1The Church of Santa Barbara (Spain)
Designed by Asturian architect Manuel del Busto in 1912, the church of Santa Barbara in Llanera, Asturias, Spain was abandoned and crumbling from years of neglect. A group of enterprising individuals led by a collective called the "Church Brigade" (with help from an online fundraiser and Red Bull), salvaged the building and turned it into a public skate park dubbed Kaos Temple. Artist Okuda San Miguel was commissioned to cover the walls and vaulted ceilings with his unique brand of geometric figures. Nearly every flat surface is covered with an array of colors, and the ramp is illuminated from every side by tall windows, making this a truly special place to skate.
2Andre Senizergues' Private Residence (U.S.)
Former world champion skateboarder Pierre Andre Senizergues is the owner of Sole Technology, an apparel company that produces brands such as Etnies. The entrepreneur has commissioned Francois Perrin, of the L.A.-based architecture firm Air Architecture, to build him a California home that doubles as a skate park.
Senizergues' Malibu dream house is shaped like a flattened tube, with walls that curve into the ceiling, making every surface fully skateable or grindable. Even the furniture is fair game. Perrin says, "Closets and drawers could be integrated into the curve, too." Did we mention that he's really into skateboarding?
Korean artist Koo Jeong A has created the UK's first glow-in-the-dark skatepark.
Evertro is a permanent public artwork integrated into the landscape. It combines elements for skating and BMXing with Jeong A's minimalist aesthetic. The design was a collaboration with Wheelscape Skateparks, who specialize in using sprayed concrete and a freeform construction technique, which they say, "allows architects the freedom to create progressive designs." The best part of Evertro? The section around the central bowl has been painted with phosphorescent paint, so it glows in the dark.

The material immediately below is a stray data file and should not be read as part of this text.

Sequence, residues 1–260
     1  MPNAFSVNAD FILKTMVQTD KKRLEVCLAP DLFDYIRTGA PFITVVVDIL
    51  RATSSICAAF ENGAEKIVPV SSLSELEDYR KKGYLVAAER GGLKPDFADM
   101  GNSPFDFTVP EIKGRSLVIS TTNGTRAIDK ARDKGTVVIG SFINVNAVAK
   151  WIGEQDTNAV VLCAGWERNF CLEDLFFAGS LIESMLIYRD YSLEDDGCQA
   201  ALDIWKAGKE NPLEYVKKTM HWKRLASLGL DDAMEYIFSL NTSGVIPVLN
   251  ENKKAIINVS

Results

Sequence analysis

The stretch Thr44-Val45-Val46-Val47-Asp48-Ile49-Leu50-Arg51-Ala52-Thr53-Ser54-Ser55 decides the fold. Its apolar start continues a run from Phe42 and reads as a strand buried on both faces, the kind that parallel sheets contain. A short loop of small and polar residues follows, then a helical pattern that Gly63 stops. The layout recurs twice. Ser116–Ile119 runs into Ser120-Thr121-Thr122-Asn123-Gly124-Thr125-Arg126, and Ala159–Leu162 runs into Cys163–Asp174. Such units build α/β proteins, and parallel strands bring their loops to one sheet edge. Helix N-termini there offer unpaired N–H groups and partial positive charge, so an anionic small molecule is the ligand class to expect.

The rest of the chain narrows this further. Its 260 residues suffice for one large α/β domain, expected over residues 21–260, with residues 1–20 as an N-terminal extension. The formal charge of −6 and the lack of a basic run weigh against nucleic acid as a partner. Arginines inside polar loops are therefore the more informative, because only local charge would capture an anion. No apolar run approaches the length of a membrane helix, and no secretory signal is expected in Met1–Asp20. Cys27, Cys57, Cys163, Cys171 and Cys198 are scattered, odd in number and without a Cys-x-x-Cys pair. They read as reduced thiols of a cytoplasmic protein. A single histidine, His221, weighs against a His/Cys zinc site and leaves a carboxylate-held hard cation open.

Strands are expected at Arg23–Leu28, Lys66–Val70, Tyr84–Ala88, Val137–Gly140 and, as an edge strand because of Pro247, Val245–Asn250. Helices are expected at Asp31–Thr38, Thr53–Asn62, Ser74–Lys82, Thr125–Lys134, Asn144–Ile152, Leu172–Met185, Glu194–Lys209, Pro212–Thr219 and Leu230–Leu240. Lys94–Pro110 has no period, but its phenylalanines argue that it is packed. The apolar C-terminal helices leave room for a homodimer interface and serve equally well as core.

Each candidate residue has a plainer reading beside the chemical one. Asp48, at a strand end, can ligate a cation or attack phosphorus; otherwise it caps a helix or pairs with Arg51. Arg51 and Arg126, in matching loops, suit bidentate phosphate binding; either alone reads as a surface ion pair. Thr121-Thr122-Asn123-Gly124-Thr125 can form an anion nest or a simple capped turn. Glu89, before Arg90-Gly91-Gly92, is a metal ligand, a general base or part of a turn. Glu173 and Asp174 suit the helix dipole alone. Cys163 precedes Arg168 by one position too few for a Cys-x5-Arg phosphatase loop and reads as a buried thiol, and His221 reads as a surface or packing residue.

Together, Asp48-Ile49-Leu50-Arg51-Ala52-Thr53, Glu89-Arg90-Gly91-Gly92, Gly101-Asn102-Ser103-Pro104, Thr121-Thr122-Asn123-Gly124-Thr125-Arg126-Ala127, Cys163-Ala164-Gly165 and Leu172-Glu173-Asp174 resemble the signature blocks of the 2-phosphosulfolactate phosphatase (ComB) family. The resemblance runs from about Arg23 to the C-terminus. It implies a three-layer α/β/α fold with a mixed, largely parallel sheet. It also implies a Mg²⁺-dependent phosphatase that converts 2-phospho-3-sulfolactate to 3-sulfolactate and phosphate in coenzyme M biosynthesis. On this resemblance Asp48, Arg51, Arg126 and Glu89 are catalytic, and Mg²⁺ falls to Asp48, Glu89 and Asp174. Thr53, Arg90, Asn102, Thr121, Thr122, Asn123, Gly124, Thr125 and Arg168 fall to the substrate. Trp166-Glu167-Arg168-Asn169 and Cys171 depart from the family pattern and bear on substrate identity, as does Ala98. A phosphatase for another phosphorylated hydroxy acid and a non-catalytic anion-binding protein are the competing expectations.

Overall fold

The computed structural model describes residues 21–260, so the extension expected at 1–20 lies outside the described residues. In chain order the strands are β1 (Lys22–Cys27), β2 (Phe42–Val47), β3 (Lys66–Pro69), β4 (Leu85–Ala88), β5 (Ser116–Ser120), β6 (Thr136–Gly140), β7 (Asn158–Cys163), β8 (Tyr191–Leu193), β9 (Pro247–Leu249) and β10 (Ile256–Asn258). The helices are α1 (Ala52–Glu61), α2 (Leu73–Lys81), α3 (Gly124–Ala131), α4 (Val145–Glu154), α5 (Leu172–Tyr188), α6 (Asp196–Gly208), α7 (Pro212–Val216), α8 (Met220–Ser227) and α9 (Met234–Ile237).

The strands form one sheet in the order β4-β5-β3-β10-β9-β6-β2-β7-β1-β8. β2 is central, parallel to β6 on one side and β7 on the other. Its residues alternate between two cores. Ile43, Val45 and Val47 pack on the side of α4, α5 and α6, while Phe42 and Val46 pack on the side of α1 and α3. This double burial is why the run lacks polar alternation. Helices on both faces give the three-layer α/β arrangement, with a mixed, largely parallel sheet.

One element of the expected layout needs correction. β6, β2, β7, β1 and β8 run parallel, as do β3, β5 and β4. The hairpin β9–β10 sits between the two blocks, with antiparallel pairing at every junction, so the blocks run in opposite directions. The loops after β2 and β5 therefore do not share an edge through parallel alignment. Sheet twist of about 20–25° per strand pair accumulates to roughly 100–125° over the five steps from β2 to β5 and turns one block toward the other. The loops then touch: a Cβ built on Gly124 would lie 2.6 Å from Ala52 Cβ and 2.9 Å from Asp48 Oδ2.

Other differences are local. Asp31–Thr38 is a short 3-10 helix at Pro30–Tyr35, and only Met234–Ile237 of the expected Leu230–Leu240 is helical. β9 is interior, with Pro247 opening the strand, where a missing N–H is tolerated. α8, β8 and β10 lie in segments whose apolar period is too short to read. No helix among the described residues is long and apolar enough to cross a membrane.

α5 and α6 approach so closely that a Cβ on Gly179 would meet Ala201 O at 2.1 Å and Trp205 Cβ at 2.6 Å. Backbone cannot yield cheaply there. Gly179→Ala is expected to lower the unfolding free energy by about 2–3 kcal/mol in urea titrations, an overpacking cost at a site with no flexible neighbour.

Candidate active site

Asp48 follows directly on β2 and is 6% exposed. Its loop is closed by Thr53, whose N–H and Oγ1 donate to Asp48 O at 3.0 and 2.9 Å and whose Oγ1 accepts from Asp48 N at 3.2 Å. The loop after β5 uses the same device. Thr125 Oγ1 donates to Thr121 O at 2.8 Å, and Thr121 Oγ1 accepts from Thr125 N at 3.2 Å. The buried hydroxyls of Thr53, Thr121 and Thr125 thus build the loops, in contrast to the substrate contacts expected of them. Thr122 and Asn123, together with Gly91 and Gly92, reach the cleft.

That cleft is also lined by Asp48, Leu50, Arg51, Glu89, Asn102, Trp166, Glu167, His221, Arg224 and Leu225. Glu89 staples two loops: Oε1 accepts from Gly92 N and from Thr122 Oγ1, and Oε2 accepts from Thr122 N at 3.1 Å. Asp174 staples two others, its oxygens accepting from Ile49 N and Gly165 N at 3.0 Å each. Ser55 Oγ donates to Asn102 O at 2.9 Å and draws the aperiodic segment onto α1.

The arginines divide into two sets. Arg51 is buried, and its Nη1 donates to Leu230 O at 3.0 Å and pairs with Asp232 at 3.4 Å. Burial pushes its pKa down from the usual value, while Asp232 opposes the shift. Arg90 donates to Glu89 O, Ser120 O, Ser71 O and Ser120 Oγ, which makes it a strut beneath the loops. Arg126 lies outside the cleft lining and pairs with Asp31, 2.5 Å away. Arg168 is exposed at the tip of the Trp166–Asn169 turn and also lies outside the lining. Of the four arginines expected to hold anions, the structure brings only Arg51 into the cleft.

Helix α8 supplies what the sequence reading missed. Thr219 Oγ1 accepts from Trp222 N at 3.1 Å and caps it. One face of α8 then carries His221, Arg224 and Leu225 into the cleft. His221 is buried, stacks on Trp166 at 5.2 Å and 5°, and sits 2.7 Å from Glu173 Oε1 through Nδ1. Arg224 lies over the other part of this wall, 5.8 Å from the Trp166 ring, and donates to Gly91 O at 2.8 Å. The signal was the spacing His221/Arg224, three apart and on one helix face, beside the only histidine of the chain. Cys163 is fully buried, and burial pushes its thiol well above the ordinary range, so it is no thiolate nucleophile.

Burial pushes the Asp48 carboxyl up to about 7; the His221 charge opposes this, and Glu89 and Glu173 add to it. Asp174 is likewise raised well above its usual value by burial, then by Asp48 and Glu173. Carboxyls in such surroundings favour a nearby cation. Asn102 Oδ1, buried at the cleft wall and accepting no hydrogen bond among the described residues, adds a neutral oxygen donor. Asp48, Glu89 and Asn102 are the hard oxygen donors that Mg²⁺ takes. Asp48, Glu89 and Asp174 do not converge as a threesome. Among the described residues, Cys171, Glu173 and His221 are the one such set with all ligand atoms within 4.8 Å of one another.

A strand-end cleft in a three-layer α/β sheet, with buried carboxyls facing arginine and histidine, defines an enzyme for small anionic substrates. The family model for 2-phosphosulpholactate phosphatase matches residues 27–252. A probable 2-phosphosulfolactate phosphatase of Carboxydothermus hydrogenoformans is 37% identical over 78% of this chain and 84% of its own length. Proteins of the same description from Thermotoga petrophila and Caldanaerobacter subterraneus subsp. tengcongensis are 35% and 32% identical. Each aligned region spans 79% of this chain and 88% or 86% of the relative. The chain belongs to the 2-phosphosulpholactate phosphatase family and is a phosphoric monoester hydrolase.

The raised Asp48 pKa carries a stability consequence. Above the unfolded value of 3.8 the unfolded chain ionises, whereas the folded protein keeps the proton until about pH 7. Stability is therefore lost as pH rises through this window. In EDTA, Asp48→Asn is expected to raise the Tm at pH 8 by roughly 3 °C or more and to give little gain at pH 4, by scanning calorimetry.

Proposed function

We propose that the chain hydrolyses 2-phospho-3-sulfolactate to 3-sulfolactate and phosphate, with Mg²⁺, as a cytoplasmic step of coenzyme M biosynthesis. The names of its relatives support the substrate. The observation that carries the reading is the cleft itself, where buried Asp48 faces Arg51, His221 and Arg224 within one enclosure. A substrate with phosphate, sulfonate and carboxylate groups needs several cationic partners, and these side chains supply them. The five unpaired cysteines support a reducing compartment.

“I devised extremely steep, sharp angles, which would be a challenge to the most courageous and skilled skaters," Jeong A said. “It was as if they would be the great mountaineers that the rest of us would admire. And with its glow-in-the-dark surface, I hoped the Wheels Park would offer an experience of contemplation."
4Pinball Machine Skate Park (New Zealand)
It was here for a short time, but now it's gone. In 2011, soft drink giant Mountain Dew built this fully functioning pinball machine skate park in Henderson, West Aukland, New Zealand to promote its new flavors. The skate park was a 600 square foot machine rigged with sensors, sounds and lights that scored your run just like pinball. It cost $500k and took over 17 days to build. It, unfortunately, was dismantled after the promotion was over.
5House of Vans/Old Vic Tunnels (London)
In 2014, clothing and footwear brand Vans transformed the Old Vic Tunnels at London, Waterloo into a skate park and arts venue. The cavernous 30,000 square foot space has been cleverly redesigned with Vans branding, artwork and memorabilia throughout.
House of Vans is now home to London's only indoor skate park, an 850-capacity music venue, a 160-seat cinema and a gallery, as well as two bars and an industrial-looking cafe serving American-style food. For the next three years, and possibly longer, it will host art exhibitions, creative workshops, concerts and film screenings and is open to eat, drink and hang out in five days a week.The skate park is free to use and includes mini ramps for novice skaters as well as a half pipe and skate bowl for the more advanced.
6Dimjalla Skate Park (Australia)
A skate bowl in Mount Gambier, South Australia was given a "fruity" makeover for the summer of 2015-2016. Dimjalla Skate Park was painted by local skaters and BMX riders who were tired of the bowl's old graffiti and paint, which hadn't been touched in years.
22-year-old Brad Wright, who spearheaded the effort to paint the bowl, said, “The only negativity I've read online are concerns over slipperiness, which, as anyone who has ever skated or ridden this rough, old bowl would know, is not a big issue. If anyone really does have any concerns I encourage them to come down and have a skate with us.”
7Joven Skatepark (Spain)
In 2011, Spain-based Selgascano Studio completed construction of Factoría Joven — a colorful skate park and outdoor playground set on the outskirts of Mérida. Inspired by Chinese dragons and built to last, the boldly colored structure shines with a beautiful white glow.
The outdoor skate and amusement park is elevated upon a base about 1.5 meters off the ground to protect the archeological remains beneath it. It's a place where kids can meet, practice sports, dance, play music and even access the Internet through public computers.
8Floating Mini Ramp (Finland)
In 2014, Finnish snowboarding superstar Roope Tonteri wanted to ride in the summer and somehow managed to persuade his sponsor, Red Bull, to build him this badass mini ramp!
With the help of a handy friend, Jaakko Tossavainen, he turned his dream idea into a reality. They built the ramp on a barge on the lake near his hometown — it was even equipped with a sauna to use after jumping into the cold lake.